Friday, April 1, 2016

'Netflix Announces 'Fuller House' Anchored TGIF Lineup



The success that streaming service Netflix is experiencing regarding the "Full House" reboot "Fuller House" and the excitement surrounding the plans for new Netflix "Gilmore Girls" and "Lost in Space" series is prompting three similar new shows that will emulate the ABC "TGIF" Friday night lineup of the '80s and '90s. Like its predecessor, "Fuller House" will anchor this lineup.

Netflix co-founder Reed Hastings announced today that the company is developing the following shows and that he is going "old school" regarding releasing a new episode of each (along with a new episode of "Fuller" S2) each Friday night starting in mid-September 2016.

1. "Gimme Another Break"

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Former child star Joey Lawrence will reprise his role as abandoned child Joey Donovan, whom Nell Harper (played by the late Nell Carter) cared for in the original series about Harper becoming the surrogate mother to the three daughters of her deceased friend.

In the new series, Donovan is a cop pursuing a law-enforcement career to honor the "Chief" in the original series. The premise this time is that Donovan is raising the three orphaned boys of his black partner, who was killed in the line of duty. Real-life Lawrence brother Matthew is on hand as slacker little-brother Matthew who does his best to help with the boys but always makes things worse and learns the same lesson as them in the end.

2. "Adam in Charge"

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Former child star/current animated series voice-actor Alex Polinsky stars in this remake of the Scott Baio '80s sitcom "Charles in Charge." Similar to Lawrence, Polinsky's Adam Powell from "Charles" is at the center of this show.

Adam is now a 40-something never-married manchild with a career as a voice-over actor for radio commercials for the local businesses in the New Jersey college town where he grew up under the care of Baio's caring college student/manny. The pilot episode has Adam set to sell his childhood home to a single mother household with three children and move to Los Angeles to star in a "The Simpsons" style animated series,

Learning that the aforementioned parent without a partner will need to back out of the deal because she cannot afford childcare for the kids prompts Adam to pay it forward by moving into Charles' basement bachelor pad and volunteering his services in between his wacky commercial gigs.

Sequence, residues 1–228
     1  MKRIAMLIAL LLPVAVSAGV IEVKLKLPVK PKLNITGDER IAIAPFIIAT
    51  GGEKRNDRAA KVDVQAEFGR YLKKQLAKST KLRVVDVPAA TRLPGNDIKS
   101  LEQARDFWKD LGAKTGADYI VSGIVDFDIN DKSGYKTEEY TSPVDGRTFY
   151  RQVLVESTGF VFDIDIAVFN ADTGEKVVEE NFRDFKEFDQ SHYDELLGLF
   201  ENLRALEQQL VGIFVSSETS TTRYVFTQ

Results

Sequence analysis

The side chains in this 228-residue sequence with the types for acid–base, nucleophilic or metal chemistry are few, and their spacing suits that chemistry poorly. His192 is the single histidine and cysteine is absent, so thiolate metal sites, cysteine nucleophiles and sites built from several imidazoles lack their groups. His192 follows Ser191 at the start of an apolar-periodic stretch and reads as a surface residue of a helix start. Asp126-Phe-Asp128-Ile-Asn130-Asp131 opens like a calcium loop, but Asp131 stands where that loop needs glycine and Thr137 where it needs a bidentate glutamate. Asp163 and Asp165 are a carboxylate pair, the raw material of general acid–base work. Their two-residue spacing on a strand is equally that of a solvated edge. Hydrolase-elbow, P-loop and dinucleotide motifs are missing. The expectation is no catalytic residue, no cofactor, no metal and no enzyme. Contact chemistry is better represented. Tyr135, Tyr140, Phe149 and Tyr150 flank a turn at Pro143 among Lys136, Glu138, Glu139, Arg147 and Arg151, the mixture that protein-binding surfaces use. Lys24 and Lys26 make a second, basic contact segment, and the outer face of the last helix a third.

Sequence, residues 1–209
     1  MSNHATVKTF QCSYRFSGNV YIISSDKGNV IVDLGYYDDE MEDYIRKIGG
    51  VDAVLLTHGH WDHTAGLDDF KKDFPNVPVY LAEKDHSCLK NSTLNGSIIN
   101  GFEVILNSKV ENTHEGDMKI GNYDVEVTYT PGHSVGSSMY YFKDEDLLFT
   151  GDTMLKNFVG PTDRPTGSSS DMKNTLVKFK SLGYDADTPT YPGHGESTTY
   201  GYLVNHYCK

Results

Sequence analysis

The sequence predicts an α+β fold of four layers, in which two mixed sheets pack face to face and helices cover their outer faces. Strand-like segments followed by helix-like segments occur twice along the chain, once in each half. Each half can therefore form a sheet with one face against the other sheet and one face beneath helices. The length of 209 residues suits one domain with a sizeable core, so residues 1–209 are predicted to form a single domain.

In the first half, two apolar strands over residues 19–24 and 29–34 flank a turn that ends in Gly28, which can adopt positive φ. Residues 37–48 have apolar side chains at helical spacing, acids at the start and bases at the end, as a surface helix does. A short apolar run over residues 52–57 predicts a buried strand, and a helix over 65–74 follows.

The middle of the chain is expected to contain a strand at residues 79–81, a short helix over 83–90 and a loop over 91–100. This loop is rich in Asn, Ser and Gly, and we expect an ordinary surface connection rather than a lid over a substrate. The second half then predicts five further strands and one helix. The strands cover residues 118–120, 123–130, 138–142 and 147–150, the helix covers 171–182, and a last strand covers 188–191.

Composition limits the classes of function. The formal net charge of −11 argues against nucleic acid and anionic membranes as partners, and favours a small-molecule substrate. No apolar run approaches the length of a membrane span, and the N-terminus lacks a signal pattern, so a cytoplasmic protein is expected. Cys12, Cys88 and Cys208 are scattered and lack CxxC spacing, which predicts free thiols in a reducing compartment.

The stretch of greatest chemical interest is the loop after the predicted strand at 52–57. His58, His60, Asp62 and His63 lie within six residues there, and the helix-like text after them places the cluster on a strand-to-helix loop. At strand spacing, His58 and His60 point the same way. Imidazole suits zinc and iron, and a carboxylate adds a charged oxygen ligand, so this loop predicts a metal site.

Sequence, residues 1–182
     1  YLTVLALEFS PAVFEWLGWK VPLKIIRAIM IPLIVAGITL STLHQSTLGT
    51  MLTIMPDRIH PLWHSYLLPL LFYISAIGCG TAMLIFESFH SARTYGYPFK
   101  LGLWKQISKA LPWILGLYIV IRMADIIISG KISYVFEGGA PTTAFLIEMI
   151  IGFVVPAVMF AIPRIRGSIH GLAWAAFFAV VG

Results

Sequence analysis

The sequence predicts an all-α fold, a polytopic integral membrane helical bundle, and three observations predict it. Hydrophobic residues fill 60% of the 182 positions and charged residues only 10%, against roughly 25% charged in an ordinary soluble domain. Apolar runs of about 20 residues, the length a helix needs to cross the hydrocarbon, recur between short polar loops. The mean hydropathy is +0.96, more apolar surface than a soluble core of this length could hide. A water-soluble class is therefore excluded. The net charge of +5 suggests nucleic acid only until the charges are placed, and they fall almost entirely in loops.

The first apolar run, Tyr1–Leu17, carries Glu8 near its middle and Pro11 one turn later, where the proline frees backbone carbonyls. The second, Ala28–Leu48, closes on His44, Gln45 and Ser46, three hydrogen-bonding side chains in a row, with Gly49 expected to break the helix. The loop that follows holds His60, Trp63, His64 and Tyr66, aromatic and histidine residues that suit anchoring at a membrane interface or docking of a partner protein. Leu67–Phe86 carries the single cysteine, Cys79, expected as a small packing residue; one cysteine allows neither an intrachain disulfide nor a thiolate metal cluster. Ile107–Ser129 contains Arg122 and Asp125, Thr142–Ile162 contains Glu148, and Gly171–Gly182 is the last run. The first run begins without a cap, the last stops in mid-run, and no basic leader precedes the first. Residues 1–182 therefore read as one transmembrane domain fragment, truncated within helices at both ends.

Hastings shares that "Charles" co-star Willie Aames is on hand to reprise his role as dim-witted Buddy Lembeck, now Adam's agent.

3. "Labor Pains"

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Fellow '80s ABC kidcom "Growing Pains" joins "Fuller" in the line-up in another series set around the former boy in the series. In this case, Jeremy Miller once again takes on the role of youngest Seaver son Ben.

This former excitable boy turned teenage schemer has his act together as a union organizer who, true to the form of these reboots, lives in his childhood home despite the Seaver clan selling this abode at the end of the original "Pains." The "history repeats itself" twist this time is that the now-gay Ben is married to childhood friend "Stinky."

The pilot finds Ben responding to his organizing activities making him miss out on watching his two adopted Asian boys Mike and Luke (now aged 8 and 10 respectively) growing up by accepting a supervisory job with the union that allows him to work out of his father's former home office. Former home-based telemarketer Stinky then ventures out into the wide world in his new role as a high school cafeteria worker.

Many of the "sits" that provide the "com" this time relate to Ben being on the other side of the juvenile squabbles, get-rich-quick-schemes, and general mischief in which he participated in "Growing,"

An element of fellow '80s sitcom "Family Ties" enters the picture regarding the boys being more liberal than their pro-labor dad. The pilot episode introduces this by having the boys try to convince Ben to raise their allowance to $15/hour.

Folks who are salivating in anticipation of the three sitcoms described above will be less happy than folks who justifiably are cringing regarding them to learn that the announcement of the new TGIF shows is the annual April Fool's Day prank from Unreal TV. (Netflix truly is developing new "Gilmore" and "Space" episodes.)

Folks who merely find this post amusing may want to check out the 2015 April Fool's Day post, which reports the development of a Boston-based Matt Damon/Ben Affleck sitcom. The subsequent release of "Batman v. Superman" makes the participation of Affleck in such a comedy more likely now than it was a year ago.

The bonus 2105 April Fool's Day post announces a "Hot in Cleveland" movie.